If I Die in This Whole Foods Parking Lot: A Letter to My Family
A shopper’s final thoughts as he circles a Whole Foods parking lot
September 19, 2016 By Joe Donatelli, Senior Writer at Los Angeles magazine
If I die in this Whole Foods parking lot, please tell my family I love them. Tell them I tried. There were just too many cars and not enough humanity. If you find this note, tell my wife and children I thought of them and wish I had never stopped off to buy “fresh from frozen” jumbo shrimp and those really delicious grilled artichoke hearts that are vacuum-sealed and sold near the edible flowers. They only sell those artichokes at Whole Foods. And now my children have no father.
My day went something like this.
I left the house at 2 p.m. on a Tuesday operating under the misguided assumption that the middle of the day in the middle of the week would be a good time “to just get a few things.”
Target went relatively smoothly. I purchased a variety of Honest cleaning products for my wife. I also picked up a 24-pack of tissues that will live in my trunk, a box of Pilot pens, and one Adirondack Folding Patio Accent Table. We don’t have a patio.
From there it was onto Ralph’s to buy all the chemical-rich cleaning products we’ll actually use to clean the house after the organic products fail, and Diet Coke, because they don’t have it at…
Trader Joe’s, where I picked up those new roasted sweet potatoes in the lettuce section (geniuses), and I got that really good pineapple salsa any sane person would happily drink, and a variety of “natural” frozen meals that are more calorific than Taco Bell.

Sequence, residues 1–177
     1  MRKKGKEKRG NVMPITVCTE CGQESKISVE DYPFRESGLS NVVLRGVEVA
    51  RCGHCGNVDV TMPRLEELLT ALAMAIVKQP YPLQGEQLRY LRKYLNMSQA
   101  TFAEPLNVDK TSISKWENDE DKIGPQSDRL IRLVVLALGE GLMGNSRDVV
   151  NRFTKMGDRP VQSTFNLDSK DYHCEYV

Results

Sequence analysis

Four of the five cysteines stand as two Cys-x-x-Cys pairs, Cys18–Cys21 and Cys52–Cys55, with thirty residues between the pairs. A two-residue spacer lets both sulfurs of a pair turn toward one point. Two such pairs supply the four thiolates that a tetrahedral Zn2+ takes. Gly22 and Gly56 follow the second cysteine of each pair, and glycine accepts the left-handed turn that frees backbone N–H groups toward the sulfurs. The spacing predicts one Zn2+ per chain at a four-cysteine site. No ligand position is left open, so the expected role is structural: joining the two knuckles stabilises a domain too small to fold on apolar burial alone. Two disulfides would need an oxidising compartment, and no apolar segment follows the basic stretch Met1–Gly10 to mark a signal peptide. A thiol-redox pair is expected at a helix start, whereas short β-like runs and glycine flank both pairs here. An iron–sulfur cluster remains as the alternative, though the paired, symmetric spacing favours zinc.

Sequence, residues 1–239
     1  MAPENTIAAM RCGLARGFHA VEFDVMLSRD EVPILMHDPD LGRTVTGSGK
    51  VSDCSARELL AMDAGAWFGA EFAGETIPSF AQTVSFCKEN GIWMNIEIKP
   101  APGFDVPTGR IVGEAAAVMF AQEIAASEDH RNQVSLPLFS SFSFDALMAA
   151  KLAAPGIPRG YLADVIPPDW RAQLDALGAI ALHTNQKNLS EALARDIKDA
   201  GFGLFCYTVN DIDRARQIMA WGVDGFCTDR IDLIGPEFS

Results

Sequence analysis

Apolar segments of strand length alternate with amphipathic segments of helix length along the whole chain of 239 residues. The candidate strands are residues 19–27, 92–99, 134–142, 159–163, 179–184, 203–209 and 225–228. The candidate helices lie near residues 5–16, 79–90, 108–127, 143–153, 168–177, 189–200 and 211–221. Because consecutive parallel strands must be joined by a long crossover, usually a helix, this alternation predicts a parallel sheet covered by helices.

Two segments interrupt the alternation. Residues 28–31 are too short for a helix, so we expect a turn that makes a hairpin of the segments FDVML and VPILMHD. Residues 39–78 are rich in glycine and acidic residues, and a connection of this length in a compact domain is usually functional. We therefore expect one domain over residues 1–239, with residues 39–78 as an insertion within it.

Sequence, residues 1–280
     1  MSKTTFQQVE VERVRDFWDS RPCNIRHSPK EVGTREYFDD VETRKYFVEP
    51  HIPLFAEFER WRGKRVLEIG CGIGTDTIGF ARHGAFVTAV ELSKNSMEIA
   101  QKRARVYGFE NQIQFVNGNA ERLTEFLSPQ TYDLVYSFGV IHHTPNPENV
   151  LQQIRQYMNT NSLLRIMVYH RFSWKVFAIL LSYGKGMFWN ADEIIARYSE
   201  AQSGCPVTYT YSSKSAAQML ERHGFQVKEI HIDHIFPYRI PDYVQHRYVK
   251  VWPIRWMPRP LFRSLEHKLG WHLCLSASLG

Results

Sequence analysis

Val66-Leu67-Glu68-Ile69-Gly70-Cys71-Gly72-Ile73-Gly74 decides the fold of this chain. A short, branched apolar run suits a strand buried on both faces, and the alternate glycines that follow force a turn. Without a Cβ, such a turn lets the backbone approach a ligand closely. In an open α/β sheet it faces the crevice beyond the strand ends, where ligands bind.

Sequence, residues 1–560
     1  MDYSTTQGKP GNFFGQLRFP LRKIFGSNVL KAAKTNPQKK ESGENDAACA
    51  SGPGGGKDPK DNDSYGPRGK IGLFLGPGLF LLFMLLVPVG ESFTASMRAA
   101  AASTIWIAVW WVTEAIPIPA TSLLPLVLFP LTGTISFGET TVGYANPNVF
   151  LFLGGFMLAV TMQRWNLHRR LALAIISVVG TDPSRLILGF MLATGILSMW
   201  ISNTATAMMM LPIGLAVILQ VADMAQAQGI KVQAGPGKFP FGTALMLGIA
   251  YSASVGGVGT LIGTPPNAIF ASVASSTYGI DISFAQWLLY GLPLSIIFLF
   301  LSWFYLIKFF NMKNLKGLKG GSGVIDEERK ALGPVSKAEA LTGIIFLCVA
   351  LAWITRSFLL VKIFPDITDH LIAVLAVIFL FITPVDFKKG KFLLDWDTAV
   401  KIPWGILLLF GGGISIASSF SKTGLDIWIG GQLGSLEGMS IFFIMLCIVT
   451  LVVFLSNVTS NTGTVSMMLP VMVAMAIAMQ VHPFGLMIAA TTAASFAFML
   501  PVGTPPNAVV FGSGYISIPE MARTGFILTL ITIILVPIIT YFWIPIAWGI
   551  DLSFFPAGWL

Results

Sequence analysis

Like, I said, just a few things.
Finally, on the way home, I stopped at Whole Foods.
I hadn’t even planned to go. And perhaps this was my mistake—a lesson that can be passed onto the survivors. Whole Foods is something you need to plan—like a snowshoe to the South Pole or climbing Everest. Whole Foods is not a store to patronize on a whim. Whole Foods is not an object of fancy. Whole Foods is not a lark.
I’ve been in this parking lot for days now—none of us moving, none of us parking—so I’ve had time to contemplate what a Whole Foods is.
At first glance, Whole Foods is a planning failure. The parking lot is always designed as if this glorious cornucopia of capitalist abundance and social signaling is an average grocery store—a thing to speed through as quickly as possible. But one does not speed through Whole Foods. One luxuriates in its variety, its class, its health and its freshness. It’s a place to ponder the wonderful possibilities of Smart Bacon and strike up conversation with strangers about the merits of biodynamic herbal tonics. Zoning commissions of America—if a supermarket offers more than seven types of washed-rind cheeses, you must triple the minimum number of parking spaces, because I gotta check out those washed-rind cheeses.
But if you simply view Whole Foods as a failure of government and private enterprise to plan, you miss the bigger point. There is a psychology to it. A Whole Foods parking lot is a challenge. A moat. A crucible. The Whole Foods parking lot experience rewards patience. It nods to inner resolve. It requires an eagle eye. All of which—and this is the beauty—will benefit you inside of Whole Foods as you wait 12 people deep to sample blueberry-pancake flavored pork sausage or spot the last of the white alba truffles on sale.
You must be worthy of Whole Foods to enter Whole Foods.